Environment days - congruent themes
WE ARE back again on 5th day of June, the day which is designated as the World Environment Day (WED). San Francisco hosted the main celebrations last year with the theme ?Green cities; Plan for the Planet?, seeking to address the life-threatening environmental issues that have emerged because of ceaseless expansion of cities and towns.india Updated: Jun 05, 2006 14:44 IST
WE ARE back again on 5th day of June, the day which is designated as the World Environment Day (WED). San Francisco hosted the main celebrations last year with the theme “Green cities; Plan for the Planet”, seeking to address the life-threatening environmental issues that have emerged because of ceaseless expansion of cities and towns.
Mayors from world over signed a Green Cities Declaration and agreed to implement Urban Environmental Accords within specified timeframes. ‘Actions’ commended, inter alia, were:
1. Adoption of greenhouse gas reduction plan
2-Implementation of user-friendly recycling and composting programs
3-Plan and promote higher density urban areas, with walkable/bikable/disabled-accessible neighbourhoods having open areas
for recreation and ecological reconstruction
4-Ensuring parks/open-spaces in close proximity to every city resident; maintaining a canopy coverage in at least 50 per cent of all available sidewalks
5-Providing access to affordable public transport
6-Establishing an Air Quality Index (AQI) and set goals for reducing air pollution
7-Providing access to adequate and safe drinking water; protecting ‘ecological integrity’ of primary sources of drinking water
Bhopal has made hardly any headway during the past year on any of the issues listed in the Accords. While composting programmes have been encouraged in a few villages in the catchments of the Upper Lake and steps towards re-densification and side-walk planting in some areas have been initiated, no other issue has, apparently, been addressed.
Existing parks have remained neglected, the City’s air quality is getting worse, ecologically the Upper Lake has, perhaps, worsened and a clean and orderly public transport system is nowhere near the horizon. One trusts, the coming year will see some worthwhile initiatives on the issues included in the Accords.
‘Deserts and desertification’ is the theme of the WED this year with a catchy slogan of ‘Don’t Desert Drylands’. Appropriately, City of Algiers in arid Algeria is hosting the main celebrations. The theme has empathy with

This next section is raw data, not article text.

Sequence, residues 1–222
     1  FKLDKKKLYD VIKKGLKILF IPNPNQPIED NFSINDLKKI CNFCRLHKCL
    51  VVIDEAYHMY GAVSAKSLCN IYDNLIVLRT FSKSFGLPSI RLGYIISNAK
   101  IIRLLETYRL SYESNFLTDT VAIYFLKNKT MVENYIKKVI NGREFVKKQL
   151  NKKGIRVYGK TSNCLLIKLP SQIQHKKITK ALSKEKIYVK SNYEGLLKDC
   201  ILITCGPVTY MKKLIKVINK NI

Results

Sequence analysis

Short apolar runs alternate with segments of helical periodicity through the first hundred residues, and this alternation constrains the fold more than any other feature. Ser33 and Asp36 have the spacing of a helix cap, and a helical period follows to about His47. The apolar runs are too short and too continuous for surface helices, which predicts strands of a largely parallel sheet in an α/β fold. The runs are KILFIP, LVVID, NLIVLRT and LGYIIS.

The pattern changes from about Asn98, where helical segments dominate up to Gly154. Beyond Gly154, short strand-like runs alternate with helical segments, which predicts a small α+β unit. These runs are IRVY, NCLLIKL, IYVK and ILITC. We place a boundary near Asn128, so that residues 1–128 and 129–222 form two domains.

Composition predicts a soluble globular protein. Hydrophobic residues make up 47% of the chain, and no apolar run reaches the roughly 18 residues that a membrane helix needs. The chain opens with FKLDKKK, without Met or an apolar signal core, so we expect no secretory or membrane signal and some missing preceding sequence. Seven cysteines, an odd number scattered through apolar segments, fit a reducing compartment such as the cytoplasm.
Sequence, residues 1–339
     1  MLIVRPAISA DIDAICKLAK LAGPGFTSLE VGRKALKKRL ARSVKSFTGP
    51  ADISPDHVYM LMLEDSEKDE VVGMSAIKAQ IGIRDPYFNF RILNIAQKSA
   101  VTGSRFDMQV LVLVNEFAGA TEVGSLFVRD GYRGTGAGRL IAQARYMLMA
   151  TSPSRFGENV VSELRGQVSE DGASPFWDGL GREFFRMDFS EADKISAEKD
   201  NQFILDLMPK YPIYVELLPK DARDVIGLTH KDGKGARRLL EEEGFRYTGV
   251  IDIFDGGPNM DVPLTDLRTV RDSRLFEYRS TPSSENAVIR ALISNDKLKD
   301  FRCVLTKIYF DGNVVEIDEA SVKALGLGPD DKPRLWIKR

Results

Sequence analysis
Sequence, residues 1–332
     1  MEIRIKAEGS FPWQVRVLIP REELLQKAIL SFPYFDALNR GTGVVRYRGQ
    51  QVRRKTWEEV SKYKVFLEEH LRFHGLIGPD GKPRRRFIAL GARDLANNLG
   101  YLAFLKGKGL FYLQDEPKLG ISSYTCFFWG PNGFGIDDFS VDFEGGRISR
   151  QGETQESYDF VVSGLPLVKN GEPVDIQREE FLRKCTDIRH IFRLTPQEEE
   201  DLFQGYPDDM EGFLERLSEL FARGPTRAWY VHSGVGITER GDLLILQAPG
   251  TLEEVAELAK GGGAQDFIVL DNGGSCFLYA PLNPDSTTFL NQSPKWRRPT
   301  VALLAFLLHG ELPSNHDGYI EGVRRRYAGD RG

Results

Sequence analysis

the designation of 2006 by the UN Secretary General as the International Year of Deserts and Desertification.
Only last month the UN warned that “global warming posed mounting threats to drylands, which cover more than 40 per cent of the planet’s land area…For more than one billion people affected by drought and desertification, adaptation to climate change will be a matter of survival.”
Researchers have recently revealed that the tropics are expanding and moving towards the poles, carrying along with them the rain-bearing storms, presumably, under the influence of global warming. Drought-prone tropics and expansion of their deserts will prove catastrophic for the inhabitants like us of this climatic region. Halting global warming is, therefore, the imperative for every one of us – public/private bodies as also individuals.
Appreciating the congruence of WED themes of the last and current years, the government and the civic body, regardless of the exemptions granted to us under the Kyoto Protocol, need to initiate action to curb the on-going heavy discharge of greenhouse gases.
Transport being the ‘worst offender’, they need to put a check on automobile emissions, simultaneously cracking-down on sale/distribution/use of adulterated fuel. They also need to introduce an environmentally ‘clean’ and decent public transport system, like the one recently introduced in Indore, to reduce dependency on personal vehicles. They have to make greater efforts to harness solar and wind power, too.
Individuals and families should chip in as well. In every household activity – cooking, refrigeration, machine-washing of clothes, lighting up of the house, use of motorised transport, etc – there is scope for avoiding waste, reduction in consumption and efficient use of energy. Not only will this be economically beneficial, it will also help in slowing down global warming. The government and NGOs need to educate the lay-public. Running campaigns through the media will be of great help.
Let’s all act –and not go through only the motions!